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Costovertebral angle tenderness

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Title: Costovertebral angle tenderness  
Author: World Heritage Encyclopedia
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Subject: Costovertebral, Abdominal pain, Nephrology, Extravasation of urine, Post-void dribbling
Collection: Abdominal Pain, Nephrology
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Costovertebral angle tenderness

The costovertebral angle is located in the back between the 12th rib and the spine
Image of a human back

Costovertebral angle tenderness (CVAT), also known as Murphy's punch sign or the Pasternacki's Sign (Latin: succusio renalis), is a medical test in which pain is elicited by percussion of the area of the back overlying the kidney (the costovertebral angle, an angle made by the vertebral column and the costal margin). The test is positive in people with an infection around the kidney (perinephric abscess), pyelonephritis, hemorrhagic fever with renal syndrome or renal stone. Because the kidney lies directly below this area, known as the costovertebral angle, tapping disturbs the inflamed tissue, causing pain.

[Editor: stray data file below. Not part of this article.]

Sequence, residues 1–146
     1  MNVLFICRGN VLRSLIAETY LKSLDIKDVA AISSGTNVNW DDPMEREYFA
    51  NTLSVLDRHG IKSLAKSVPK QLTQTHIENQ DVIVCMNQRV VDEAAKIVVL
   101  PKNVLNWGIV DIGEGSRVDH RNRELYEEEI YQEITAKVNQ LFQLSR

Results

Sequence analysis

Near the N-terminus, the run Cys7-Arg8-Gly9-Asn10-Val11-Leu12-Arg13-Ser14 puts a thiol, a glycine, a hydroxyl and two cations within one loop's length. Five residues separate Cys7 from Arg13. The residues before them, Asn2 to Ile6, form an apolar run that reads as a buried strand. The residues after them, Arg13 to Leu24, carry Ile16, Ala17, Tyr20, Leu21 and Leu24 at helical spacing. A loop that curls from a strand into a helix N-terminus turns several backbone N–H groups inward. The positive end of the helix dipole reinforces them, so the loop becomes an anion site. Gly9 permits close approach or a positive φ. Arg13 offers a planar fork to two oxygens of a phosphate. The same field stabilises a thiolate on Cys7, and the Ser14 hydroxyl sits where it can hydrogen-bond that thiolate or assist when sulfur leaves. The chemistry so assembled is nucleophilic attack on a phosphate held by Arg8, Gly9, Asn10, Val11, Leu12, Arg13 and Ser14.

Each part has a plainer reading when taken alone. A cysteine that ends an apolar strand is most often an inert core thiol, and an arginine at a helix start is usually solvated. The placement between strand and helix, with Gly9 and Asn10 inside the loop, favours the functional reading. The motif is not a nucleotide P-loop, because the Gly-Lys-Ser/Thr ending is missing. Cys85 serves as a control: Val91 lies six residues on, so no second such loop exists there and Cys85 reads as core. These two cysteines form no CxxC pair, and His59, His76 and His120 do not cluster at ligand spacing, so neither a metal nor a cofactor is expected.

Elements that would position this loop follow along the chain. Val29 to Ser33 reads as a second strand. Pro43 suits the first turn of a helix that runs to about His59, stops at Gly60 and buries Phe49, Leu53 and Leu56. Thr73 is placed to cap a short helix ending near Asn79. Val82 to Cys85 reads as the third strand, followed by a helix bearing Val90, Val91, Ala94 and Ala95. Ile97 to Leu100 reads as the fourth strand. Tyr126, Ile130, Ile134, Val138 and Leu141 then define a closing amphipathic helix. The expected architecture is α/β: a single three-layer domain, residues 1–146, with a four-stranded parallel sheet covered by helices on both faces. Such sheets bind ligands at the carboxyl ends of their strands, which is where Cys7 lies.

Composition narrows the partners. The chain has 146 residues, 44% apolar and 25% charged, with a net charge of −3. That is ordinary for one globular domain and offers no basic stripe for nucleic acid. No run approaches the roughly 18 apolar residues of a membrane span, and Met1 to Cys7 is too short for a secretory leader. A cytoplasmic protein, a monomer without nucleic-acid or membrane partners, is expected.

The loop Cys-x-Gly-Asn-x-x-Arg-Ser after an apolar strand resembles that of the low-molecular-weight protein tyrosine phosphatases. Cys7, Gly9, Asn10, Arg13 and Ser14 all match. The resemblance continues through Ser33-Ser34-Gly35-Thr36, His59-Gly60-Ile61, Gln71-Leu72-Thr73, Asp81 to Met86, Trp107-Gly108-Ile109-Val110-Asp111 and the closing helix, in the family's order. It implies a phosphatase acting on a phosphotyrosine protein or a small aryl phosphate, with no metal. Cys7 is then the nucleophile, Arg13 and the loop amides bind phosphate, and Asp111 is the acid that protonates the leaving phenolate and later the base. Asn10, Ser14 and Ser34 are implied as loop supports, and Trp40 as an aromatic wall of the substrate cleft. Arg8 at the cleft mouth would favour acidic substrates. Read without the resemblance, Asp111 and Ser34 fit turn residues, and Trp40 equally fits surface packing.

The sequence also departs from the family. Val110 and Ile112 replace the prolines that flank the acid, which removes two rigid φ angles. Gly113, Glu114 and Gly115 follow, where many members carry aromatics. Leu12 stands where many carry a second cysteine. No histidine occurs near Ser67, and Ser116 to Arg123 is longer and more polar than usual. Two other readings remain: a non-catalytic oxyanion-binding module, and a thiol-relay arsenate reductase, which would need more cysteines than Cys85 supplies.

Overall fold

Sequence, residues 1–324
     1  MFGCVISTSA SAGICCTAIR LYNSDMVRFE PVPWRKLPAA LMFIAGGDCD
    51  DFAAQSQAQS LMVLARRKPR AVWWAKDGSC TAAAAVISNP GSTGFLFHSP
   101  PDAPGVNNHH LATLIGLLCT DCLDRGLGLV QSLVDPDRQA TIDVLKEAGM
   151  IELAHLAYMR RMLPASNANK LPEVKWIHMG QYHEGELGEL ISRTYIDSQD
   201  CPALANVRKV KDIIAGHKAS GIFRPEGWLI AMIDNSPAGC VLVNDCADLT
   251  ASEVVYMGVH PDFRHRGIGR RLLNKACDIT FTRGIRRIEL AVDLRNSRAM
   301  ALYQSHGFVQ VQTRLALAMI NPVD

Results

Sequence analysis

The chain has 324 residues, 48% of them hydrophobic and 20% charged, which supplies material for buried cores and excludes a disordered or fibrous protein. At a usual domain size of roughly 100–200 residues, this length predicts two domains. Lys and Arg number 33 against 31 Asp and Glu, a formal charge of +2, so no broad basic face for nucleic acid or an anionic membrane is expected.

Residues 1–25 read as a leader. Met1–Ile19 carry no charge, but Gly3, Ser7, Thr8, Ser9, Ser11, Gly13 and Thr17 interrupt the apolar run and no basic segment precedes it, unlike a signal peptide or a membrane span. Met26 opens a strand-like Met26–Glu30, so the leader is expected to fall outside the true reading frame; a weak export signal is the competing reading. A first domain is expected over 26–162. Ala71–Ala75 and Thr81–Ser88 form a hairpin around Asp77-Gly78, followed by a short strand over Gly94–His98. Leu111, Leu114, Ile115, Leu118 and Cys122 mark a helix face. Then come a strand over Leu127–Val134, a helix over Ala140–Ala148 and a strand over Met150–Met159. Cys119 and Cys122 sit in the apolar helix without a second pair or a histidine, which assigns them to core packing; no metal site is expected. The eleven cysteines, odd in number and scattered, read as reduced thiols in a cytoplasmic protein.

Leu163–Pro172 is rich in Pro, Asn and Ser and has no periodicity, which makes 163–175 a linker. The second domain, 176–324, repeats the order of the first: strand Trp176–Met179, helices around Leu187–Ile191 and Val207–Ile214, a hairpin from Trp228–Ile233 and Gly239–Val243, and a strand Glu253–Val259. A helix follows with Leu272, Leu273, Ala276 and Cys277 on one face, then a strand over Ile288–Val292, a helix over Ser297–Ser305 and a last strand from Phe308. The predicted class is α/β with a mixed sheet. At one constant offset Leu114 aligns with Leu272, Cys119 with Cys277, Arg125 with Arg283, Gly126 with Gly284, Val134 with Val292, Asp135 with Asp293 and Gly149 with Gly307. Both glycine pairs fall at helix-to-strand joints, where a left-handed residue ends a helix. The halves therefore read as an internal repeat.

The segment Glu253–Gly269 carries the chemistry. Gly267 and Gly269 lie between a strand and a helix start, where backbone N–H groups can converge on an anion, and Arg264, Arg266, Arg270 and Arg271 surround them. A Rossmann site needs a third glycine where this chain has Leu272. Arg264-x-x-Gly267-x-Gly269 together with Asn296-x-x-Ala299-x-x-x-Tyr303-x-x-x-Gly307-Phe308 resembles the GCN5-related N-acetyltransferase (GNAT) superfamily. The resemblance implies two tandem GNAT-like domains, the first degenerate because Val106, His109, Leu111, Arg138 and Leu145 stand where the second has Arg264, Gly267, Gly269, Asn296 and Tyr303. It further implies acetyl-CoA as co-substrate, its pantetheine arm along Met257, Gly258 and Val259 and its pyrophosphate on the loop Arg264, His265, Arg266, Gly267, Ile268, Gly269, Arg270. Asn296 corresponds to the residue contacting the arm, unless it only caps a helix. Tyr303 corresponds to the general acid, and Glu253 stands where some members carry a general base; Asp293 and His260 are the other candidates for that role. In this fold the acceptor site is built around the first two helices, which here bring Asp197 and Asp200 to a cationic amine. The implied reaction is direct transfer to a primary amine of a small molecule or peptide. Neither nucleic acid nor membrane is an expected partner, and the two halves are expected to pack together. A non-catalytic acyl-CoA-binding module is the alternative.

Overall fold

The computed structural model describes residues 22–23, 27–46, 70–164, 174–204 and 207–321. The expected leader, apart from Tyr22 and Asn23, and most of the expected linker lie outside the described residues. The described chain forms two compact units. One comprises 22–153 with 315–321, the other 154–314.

This medical test was first described by the American surgeon John Benjamin Murphy in 1884, but in Eastern Europe and former Soviet Influenced Regions, it is often called Pasternacki's Sign after the Belorussian Internist, Fiodor Ignatjevich Pasternacki (1845–1902) who described it during his rounds in a Regional Hospital in Minsk in 1888.[1][2][3][4]

References

  1. ^ Oh, Timothy T.; Schmitz, Robert L. (1993). The Remarkable surgical practice of John Benjamin Murphy. Urbana: University of Illinois Press.  
  2. ^ Musana KA, Yale SH (August 2005). "Murphy's Sign". Clin Med Res 3 (3): 132.  
  3. ^ Musana K, Yale SH (May 2005). "John Benjamin Murphy (1857 - 1916)". Clin Med Res 3 (2): 110–2.  
  4. ^ http://www.whonamedit.com/doctor.cfm/2803.html


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